Over-emphasising some things, underplaying others: ASIO’s threat assessment is underpinned by confusing logic

Recently, Australia’s internal security agency declared there is a greater threat to Australian security than new terrorist attacks. Instead, it’s systemic and existential. The report read:


  • Greg Austin

    Adjunct Professor, Australia-China Relations Institute, University of Technology Sydney

In 2024, threats to our way of life have surpassed terrorism as Australia’s principle security concern.

So, what is the principle security concern? It’s foreign interference.

In its annual threat assessment last week, the agency, the Australian Security Intelligence Organisation (ASIO), reported 2016 was its busiest year in the past decade for disrupting terrorist attacks. 2022 was its peak year for disrupting foreign spies.

Amid ongoing worldwide conflicts and a former politician collaborating with a foreign country, is this assessment adequately capturing what Australians need to know about all the possible threats?

Terrorism only ‘possible’

In the threat assessment, ASIO is still assessing the terror threat as lower than in earlier years. In 2022, it was changed from a “probable” likelihood (where it sat for eight years), and it’s now rated as “possible”.

This is against the backdrop of growing community unrest since October 7 last year, when Hamas launched the third-deadliest terrorist attack in the world since 1970, according to the Center for Strategic and International Studies.

Israel’s response has been a war on Hamas in Gaza, which has resulted in tens of thousands of Palestinian fatalities, many of them women and children, though it’s difficult to verify the exact figure. Regardless of the precise numbers, the rage and hatred prompted by these deaths can fuel extremism, both here and overseas.

Two leading US Middle East security specialists have flagged the danger of new attacks both in the Middle East and beyond in response to these events. They also outlined the actual incidents that have happened since October 7, attesting to the new heightened risk. In ASIO’s view, we should not discount the risk at home even while keeping the terrorist threat level unchanged.

Threat concern reveals mixed logic

The most pertinent threat to Australia is foreign espionage and foreign interference. The agency says it’s “deeper and broader than you may think”.

Moreover, ASIO says, the threat level is “certain” (not merely “possible” or “probable”, as the terrorist threat had been).

This latest threat assessment, issued personally by the director general, Mike Burgess, calls out one country in particular, but doesn’t name it. He sketches a foreign espionage and influence-seeking campaign that is pervasive and well-resourced. He mentioned the specific case of an Australian politician (way back before 2018) who was, he says, collaborating with the foreign spies and selling out Australia in the process.

Interestingly, Burgess says that ASIO foiled the plans of the foreign county and neutralised the threat from this politician.

In fact, Burgess went on to say the tradecraft of this adversary (how its spies do their business) has been good, but not good enough to defeat ASIO, supported by its intelligence partners.

This is just one of several points where the logic of the 2024 threat assessment begins to break down. Can the unnamed foreign country really be an existential threat if ASIO has cracked its espionage operations and disrupted its efforts at political influence? Is Australia’s security more threatened by these failed spies than by terrorists who may achieve a mass casualty attack involving Australian victims?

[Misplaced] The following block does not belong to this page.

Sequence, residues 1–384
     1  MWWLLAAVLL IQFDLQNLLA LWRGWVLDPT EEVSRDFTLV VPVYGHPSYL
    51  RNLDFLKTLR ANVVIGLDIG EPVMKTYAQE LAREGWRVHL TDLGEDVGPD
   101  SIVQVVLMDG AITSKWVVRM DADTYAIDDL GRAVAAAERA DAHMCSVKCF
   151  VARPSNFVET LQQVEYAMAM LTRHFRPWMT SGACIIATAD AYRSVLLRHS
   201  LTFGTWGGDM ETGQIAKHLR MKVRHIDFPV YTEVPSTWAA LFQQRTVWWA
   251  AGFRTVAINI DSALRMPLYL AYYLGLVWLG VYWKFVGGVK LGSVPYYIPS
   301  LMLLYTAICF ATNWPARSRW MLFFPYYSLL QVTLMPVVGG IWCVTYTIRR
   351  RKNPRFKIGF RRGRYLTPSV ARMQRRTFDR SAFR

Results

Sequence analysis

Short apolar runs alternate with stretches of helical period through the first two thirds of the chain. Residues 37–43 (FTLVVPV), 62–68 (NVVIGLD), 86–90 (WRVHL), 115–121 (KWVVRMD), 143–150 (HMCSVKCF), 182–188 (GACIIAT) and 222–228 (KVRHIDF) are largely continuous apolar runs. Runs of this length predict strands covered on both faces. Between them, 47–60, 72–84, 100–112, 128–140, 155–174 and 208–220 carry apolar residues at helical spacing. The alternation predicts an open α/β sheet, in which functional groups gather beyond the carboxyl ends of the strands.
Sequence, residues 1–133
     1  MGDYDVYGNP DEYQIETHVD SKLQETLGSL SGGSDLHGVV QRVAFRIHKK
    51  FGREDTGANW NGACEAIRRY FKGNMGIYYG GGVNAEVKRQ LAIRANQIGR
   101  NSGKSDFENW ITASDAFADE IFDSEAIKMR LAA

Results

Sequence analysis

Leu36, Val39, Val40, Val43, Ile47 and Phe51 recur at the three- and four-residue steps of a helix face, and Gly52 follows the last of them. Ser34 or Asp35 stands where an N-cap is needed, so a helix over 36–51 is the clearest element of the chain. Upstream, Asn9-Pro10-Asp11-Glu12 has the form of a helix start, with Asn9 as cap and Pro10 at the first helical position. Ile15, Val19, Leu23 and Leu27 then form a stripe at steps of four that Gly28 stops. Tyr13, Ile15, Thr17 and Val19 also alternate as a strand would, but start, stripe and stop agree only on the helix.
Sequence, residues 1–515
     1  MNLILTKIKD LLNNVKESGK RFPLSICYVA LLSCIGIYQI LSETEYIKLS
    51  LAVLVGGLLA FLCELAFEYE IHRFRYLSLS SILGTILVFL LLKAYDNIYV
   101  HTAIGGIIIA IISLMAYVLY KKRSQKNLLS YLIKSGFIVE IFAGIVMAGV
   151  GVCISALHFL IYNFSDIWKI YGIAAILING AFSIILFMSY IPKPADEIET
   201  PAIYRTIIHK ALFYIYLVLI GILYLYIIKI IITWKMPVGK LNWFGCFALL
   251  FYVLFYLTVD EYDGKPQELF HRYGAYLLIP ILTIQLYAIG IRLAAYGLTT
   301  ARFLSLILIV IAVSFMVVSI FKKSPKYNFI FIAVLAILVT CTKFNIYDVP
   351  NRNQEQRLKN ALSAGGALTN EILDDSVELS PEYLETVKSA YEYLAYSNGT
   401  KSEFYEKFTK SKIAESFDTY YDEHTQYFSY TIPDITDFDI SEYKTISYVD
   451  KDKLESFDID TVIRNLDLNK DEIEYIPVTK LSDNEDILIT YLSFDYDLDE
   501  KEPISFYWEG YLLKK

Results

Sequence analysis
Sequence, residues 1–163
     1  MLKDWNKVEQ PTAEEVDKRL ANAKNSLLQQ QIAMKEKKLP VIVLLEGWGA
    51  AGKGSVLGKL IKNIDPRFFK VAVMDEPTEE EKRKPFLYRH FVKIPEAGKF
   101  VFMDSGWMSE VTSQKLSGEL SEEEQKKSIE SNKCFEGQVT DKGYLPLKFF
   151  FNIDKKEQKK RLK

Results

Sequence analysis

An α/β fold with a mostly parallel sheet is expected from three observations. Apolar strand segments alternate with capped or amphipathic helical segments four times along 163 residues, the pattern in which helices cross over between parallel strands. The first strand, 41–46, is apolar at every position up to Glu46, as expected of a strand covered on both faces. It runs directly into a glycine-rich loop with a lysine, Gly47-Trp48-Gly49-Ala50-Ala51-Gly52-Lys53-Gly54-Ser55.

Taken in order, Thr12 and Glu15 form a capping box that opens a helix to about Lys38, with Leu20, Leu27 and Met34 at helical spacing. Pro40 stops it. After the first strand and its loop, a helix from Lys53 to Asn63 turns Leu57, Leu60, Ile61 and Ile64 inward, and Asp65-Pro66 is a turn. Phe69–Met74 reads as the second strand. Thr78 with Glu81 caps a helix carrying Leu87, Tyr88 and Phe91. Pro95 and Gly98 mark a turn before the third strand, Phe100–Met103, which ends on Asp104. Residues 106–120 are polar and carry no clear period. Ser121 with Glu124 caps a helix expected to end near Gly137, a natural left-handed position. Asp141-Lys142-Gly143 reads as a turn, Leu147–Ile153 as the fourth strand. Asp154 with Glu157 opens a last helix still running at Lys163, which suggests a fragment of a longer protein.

Far-right extremism downplayed

We don’t know which country is the source of this alleged threat to Australia’s way of life, but if it is China, there is room to question the ASIO line of thinking.

In the decade of its expansion of espionage and covert influence operations, China’s overall level of influence in major liberal democracies has radically declined, not increased. This is largely because of China’s anti-democratic or aggressive actions on the world stage.

In fact, as Burgess notes, ASIO faces dilemmas in prioritising the threats it follows and how to present them publicly. He’s limited by what can be revealed publicly, so omission may be distorting how the general public understands what he is saying.

He says terrorism remains a pervasive threat “even with a lower national threat level”. Well at that point, while we can agree with him, we might be forgiven for being a little confused.

The confusion is compounded by the way in which the annual threat assessment and other ASIO reporting appear to downplay right-wing extremism.

The language on this issue in the 2024 threat assessment is defensible to a point (it says “the threat persists”), but the significance of this appears to be softened. Now, ASIO says right-wing extremists are “primarily focused on recruitment and radicalistaion”.

The future threats to internal security implied by the intimidating behaviour of neo-Nazis on Australia Day in Sydney this year, condemned by Prime Minister Anthony Albanese, do not appear to be adequately captured by the assessment of focusing on recruitment and radicalisation, even if that is true.

We can commend ASIO for its transparency under the directorship of Burgess and for its obvious operational successes.

On the other hand, we have now had five annual threat assessments from him. As a body of work meant to inform, reassure and even alert Australians, there are several reasons to question the effectiveness of its current format and guiding logic.

The Conversation

Greg Austin is a co-founder of the Social Cyber Institute.

/Courtesy of The Conversation. View in full here.